Why Handing Out LinkedIn Recommendations Like Candy Could Kill Your Reputation
Think about the last time you agreed to give one of your favorite businesses, vendors, consultants, or colleagues a recommendation or testimonial.
You probably knew that person or business pretty well, right? Maybe you’d worked with them in the past, purchased their product or service, or hired them to do a job for you. Or maybe their spouse was a friend of yours, and you knew that individual well enough to vouch for their integrity, work ethic, or professional background.
Either way, you could speak with a certain degree of assuredness about who they are, what they do, and why someone else should want to do business with them. And you certainly wouldn’t attach your name to theirs unless you were darn sure that they wouldn’t make a fool of you for doing so.
So, why would you treat a LinkedIn recommendation any differently?
Lately, I’ve been receiving a surprisingly high number of requests to provide LinkedIn recommendations to people who are in my network, but whom I don’t really know beyond our virtual connection.
The conversation usually reads a little something like this:
“Dear Kendra — I’m sending this to ask for a brief recommendation of my work that I can include in my LinkedIn profile. Here’s my bio. If you have any questions, let me know. And thanks in advance for helping out!”
First, I’ve never worked with you, so how can I speak with any authority on what you do, how you do it, and why someone should hire you? Second, isn’t it a little forward to thank me in advance before I’ve ever agreed to help you?
Somehow, people seem to think that if they’re in my network on LinkedIn, I’ll gladly provide a recommendation.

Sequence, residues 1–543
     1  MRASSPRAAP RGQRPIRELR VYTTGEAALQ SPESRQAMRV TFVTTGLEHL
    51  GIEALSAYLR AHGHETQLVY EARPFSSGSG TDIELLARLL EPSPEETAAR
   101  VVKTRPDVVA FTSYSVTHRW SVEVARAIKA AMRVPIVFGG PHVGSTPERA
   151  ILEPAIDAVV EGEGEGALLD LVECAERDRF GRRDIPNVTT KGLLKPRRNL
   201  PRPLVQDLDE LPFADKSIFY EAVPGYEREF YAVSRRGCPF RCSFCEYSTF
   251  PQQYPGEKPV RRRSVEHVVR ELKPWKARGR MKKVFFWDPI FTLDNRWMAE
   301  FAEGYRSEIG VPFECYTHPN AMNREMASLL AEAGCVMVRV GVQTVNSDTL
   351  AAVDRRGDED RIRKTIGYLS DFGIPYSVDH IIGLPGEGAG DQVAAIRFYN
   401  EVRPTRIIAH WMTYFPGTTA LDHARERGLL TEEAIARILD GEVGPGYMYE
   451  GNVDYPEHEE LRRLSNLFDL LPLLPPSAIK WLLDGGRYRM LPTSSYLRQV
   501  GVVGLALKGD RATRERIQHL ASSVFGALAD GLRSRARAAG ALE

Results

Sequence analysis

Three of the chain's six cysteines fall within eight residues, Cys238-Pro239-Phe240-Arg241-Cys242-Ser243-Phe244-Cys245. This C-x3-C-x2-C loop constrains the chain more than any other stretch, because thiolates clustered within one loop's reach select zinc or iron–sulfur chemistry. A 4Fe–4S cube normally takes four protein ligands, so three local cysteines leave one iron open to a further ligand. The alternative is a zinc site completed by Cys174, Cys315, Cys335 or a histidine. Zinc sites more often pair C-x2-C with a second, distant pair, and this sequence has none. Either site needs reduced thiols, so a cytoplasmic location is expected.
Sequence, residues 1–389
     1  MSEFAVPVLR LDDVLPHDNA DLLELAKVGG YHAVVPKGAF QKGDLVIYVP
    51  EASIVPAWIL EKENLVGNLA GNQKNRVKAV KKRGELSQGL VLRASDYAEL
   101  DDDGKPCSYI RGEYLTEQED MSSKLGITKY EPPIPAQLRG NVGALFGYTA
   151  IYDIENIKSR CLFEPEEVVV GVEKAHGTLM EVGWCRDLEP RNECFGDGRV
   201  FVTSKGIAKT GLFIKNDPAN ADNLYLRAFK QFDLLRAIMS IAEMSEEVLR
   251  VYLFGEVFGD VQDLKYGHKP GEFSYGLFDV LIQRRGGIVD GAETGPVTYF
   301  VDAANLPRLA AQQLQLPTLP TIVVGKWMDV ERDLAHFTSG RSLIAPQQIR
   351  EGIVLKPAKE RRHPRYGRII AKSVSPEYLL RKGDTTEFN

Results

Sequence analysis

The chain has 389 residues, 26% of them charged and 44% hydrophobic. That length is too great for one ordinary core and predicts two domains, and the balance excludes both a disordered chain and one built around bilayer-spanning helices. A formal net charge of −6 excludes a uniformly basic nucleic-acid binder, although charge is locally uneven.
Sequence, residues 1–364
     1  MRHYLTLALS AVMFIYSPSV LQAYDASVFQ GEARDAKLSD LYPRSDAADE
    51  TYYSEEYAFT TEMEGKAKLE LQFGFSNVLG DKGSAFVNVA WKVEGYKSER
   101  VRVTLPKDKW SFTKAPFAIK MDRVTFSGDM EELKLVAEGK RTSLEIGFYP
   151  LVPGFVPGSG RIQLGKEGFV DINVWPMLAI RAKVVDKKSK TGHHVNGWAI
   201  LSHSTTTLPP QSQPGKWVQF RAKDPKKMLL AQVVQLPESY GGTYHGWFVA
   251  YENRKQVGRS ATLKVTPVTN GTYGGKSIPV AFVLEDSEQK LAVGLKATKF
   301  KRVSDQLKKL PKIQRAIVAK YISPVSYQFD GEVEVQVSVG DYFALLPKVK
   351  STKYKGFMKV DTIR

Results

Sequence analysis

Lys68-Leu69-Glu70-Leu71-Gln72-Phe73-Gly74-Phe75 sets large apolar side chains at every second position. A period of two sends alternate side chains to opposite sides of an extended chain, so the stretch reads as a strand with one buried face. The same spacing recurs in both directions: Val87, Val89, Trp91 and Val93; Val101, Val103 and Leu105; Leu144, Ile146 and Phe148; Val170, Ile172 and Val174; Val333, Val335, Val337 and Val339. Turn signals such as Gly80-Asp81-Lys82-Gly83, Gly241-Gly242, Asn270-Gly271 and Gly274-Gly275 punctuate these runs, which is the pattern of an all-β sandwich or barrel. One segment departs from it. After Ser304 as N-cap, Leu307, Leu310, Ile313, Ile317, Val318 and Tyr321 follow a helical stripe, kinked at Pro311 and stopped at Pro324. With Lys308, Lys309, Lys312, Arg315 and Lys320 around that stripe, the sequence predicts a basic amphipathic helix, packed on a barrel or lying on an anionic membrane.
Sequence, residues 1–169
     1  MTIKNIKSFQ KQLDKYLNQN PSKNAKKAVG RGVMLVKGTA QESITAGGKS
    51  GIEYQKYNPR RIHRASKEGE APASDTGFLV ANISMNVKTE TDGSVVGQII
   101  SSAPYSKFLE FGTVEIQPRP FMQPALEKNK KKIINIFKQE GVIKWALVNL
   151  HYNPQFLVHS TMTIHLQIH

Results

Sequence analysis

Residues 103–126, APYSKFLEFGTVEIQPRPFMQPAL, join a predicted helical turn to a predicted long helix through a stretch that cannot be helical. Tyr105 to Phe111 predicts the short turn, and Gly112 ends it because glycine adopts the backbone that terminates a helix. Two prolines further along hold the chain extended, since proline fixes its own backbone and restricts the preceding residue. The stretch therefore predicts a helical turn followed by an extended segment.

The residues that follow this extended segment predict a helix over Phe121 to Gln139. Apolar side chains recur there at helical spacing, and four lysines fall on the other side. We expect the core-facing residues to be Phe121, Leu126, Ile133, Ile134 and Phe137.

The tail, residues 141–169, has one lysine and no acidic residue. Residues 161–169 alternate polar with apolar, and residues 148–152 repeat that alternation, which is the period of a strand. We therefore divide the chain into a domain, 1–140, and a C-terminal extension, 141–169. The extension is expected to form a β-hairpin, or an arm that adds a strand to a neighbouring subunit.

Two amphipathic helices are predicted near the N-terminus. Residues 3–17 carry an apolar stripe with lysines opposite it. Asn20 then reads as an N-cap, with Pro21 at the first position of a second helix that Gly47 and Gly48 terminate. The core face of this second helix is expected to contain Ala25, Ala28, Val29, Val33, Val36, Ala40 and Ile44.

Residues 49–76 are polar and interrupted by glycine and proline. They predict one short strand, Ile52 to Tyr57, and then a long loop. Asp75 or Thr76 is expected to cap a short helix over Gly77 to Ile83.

Unfortunately for them, I won’t. And here are three reasons why you shouldn’t either:
- It’s no different than lying. How can you recommend someone that you don’t know? Anything you say about their capabilities — beyond, “John Smith works at XYZ Company and he’s in my network” — is fluff at best, and a blatant misrepresentation at worst.
- It dilutes the value of your recommendations. You might also call this the “girl who cried wolf” syndrome. By lying about your experience with one person, you invite people to doubt every other recommendation you’ve given. Naturally, that will cause every recommendation you give in the future to seem weak, inaccurate, or without merit — even if it’s a truly genuine testimonial.
- It hurts your reputation. This point builds off of the previous two, but what if the person you provide the recommendation to isn’t really good at what they say they do? Without first-hand experience, you can’t be certain. And if you attest that someone is skilled when they’re really no more than a snake oil salesman, you’re now culpable in their failures. Companies that hire someone based in part on your recommendation will remember that you vouched for that person, and it could come back to haunt you.
The bottom line is that you should treat LinkedIn recommendations no differently than you would treat handwritten, verbal, or e-mail testimonials.
At the end of the day, your reputation, brand, and credibility are at stake. So by all means necessary, preserve those things by only granting recommendations to people whom you know and truly believe in.
For everyone else, a simple reply along the lines of, “I’m sorry, we haven’t worked together and I don’t know you well enough yet,” will suffice.
If they’re offended by that, that’s their problem — not yours.
If you’re looking for ways to expand your lead generation success and fill your pipeline with hot leads, get my new book The Sales Magnet: How to Get More Customers Without Cold Calling available at Amazon.com now. Read the first chapter for free here: Free Sample Chapter.
Other Posts by Kendra Lee
Social Media Today